In extreme cases, as with stamp duty land tax, changes to the law have been applied retrospectively.
We work hard to make our legislation watertight.
In the last two years, we’ve reviewed the high-risk areas of the tax system and reformed legislation to make it more robust against future attack.
The 2013 Finance Act, for example, introduces the General Anti-Abuse Rule – a significant change to UK tax law, which is effective as from yesterday’s Royal Assent.
The GAAR will work both as a deterrent and as a valuable tool to help us tackle the most abusive avoidance schemes.
[Slide: Changing the market]
In 2004, the UK took a major leap forward by introducing a disclosure regime which gives us early information about how avoidance schemes work, who is promoting them and who is using them.
Essentially, promoters have to tell us about any avoidance scheme that they create, which gives us the chance to investigate it and act quickly if necessary.
The regime – known as DOTAS – is our first line of defence against tax avoidance schemes and it has had a major impact on the market for these schemes.
At the time, back in 2004, mainstream accountancy and other firms were selling aggressive avoidance schemes on a large scale.
They no longer do so and the type of aggressive marketed schemes that were so prevalent then are in decline.
This is partly due to the speed at which we take action.
For example, last December we closed down a scheme exploiting property and trading deductions within a week of finding out about it through DOTAS.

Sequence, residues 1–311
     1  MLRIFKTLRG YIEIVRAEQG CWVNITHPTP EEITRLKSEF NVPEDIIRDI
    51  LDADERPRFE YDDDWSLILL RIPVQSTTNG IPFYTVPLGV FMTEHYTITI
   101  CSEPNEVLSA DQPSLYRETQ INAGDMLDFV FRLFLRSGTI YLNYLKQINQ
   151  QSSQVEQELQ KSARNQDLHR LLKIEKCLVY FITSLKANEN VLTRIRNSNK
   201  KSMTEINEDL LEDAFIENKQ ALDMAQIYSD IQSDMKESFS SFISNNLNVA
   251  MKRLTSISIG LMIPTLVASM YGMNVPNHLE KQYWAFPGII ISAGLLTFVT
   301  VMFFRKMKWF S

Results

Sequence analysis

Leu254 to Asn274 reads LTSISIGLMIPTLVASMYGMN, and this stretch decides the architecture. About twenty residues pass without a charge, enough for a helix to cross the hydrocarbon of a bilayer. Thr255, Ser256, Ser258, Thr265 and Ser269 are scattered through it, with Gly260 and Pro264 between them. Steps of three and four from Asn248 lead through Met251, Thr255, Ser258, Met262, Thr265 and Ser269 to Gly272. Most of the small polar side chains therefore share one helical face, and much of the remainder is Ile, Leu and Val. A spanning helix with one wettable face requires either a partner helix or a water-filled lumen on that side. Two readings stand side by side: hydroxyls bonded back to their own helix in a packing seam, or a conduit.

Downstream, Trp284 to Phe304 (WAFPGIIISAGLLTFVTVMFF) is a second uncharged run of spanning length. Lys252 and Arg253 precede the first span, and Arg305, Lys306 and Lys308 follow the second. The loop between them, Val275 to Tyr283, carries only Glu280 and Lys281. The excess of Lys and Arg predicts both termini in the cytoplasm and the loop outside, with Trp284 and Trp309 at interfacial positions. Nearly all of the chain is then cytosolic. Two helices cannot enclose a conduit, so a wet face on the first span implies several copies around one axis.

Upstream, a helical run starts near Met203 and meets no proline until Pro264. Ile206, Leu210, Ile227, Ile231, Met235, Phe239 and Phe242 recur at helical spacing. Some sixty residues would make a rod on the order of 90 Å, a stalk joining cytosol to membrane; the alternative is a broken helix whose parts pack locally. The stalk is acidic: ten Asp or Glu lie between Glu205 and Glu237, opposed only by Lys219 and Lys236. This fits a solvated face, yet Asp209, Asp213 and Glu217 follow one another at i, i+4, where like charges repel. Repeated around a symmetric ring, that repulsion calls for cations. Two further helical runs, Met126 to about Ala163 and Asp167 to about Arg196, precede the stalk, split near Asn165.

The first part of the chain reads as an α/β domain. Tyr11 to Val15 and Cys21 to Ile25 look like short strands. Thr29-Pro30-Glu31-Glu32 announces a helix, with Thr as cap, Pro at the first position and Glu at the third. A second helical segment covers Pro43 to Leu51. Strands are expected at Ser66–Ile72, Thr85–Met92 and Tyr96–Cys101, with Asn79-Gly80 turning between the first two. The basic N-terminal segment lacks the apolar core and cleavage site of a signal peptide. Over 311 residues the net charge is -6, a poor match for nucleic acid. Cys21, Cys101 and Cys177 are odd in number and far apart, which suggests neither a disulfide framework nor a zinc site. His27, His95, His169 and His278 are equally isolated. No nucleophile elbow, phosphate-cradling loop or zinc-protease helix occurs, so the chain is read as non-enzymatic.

This brought in £50 million of additional revenue and protected hundreds of millions more.
We’re constantly updating DOTAS to keep it cutting-edge and to deal with the hard core of promoters who don’t comply with their disclosure obligations.
High-risk promoters typically create and sell schemes with a negligible probability of working, with the intention of collecting as many fees as they can before they are challenged and the scheme is shut down.
They refuse to co-operate with HMRC with the information we require and their schemes frequently rely on concealment and mis-description.
A consultation was announced at this year’s Budget on measures to tackle their behaviour and this will be published soon.
[Slide: Multinational businesses]
Much of the current debate on tax avoidance is really about how multinational companies are taxed and how the international tax system operates.
The obligation of businesses and individuals to pay what they owe in line with the law is unchanged.
But the tax system we work within was designed in the 1930s for a model of international trade that has long since been superseded.
The tax system doesn’t fit with modern business practice.
So multinationals can choose to structure their affairs with the specific intention of reducing their tax bills.